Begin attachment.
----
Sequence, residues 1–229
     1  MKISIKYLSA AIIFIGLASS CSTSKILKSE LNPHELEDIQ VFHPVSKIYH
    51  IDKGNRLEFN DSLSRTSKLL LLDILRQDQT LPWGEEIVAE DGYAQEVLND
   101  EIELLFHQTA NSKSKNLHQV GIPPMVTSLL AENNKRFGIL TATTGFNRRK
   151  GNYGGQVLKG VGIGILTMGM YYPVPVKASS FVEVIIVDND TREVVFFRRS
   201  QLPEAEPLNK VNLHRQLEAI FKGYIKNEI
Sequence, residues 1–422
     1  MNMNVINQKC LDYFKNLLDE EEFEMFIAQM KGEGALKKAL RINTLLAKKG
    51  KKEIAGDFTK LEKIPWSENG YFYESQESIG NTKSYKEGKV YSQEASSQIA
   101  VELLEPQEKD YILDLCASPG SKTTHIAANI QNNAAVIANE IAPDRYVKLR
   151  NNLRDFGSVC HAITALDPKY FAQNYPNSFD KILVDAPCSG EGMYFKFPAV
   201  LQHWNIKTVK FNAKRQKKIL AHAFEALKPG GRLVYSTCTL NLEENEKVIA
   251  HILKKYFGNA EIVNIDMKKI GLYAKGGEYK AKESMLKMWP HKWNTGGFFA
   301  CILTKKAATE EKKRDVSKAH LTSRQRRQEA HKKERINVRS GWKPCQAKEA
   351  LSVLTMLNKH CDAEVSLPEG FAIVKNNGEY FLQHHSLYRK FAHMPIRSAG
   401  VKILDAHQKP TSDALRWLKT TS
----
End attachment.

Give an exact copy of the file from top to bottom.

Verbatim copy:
Sequence, residues 1–229
     1  MKISIKYLSA AIIFIGLASS CSTSKILKSE LNPHELEDIQ VFHPVSKIYH
    51  IDKGNRLEFN DSLSRTSKLL LLDILRQDQT LPWGEEIVAE DGYAQEVLND
   101  EIELLFHQTA NSKSKNLHQV GIPPMVTSLL AENNKRFGIL TATTGFNRRK
   151  GNYGGQVLKG VGIGILTMGM YYPVPVKASS FVEVIIVDND TREVVFFRRS
   201  QLPEAEPLNK VNLHRQLEAI FKGYIKNEI
Sequence, residues 1–422
     1  MNMNVINQKC LDYFKNLLDE EEFEMFIAQM KGEGALKKAL RINTLLAKKG
    51  KKEIAGDFTK LEKIPWSENG YFYESQESIG NTKSYKEGKV YSQEASSQIA
   101  VELLEPQEKD YILDLCASPG SKTTHIAANI QNNAAVIANE IAPDRYVKLR
   151  NNLRDFGSVC HAITALDPKY FAQNYPNSFD KILVDAPCSG EGMYFKFPAV
   201  LQHWNIKTVK FNAKRQKKIL AHAFEALKPG GRLVYSTCTL NLEENEKVIA
   251  HILKKYFGNA EIVNIDMKKI GLYAKGGEYK AKESMLKMWP HKWNTGGFFA
   301  CILTKKAATE EKKRDVSKAH LTSRQRRQEA HKKERINVRS GWKPCQAKEA
   351  LSVLTMLNKH CDAEVSLPEG FAIVKNNGEY FLQHHSLYRK FAHMPIRSAG
   401  VKILDAHQKP TSDALRWLKT TS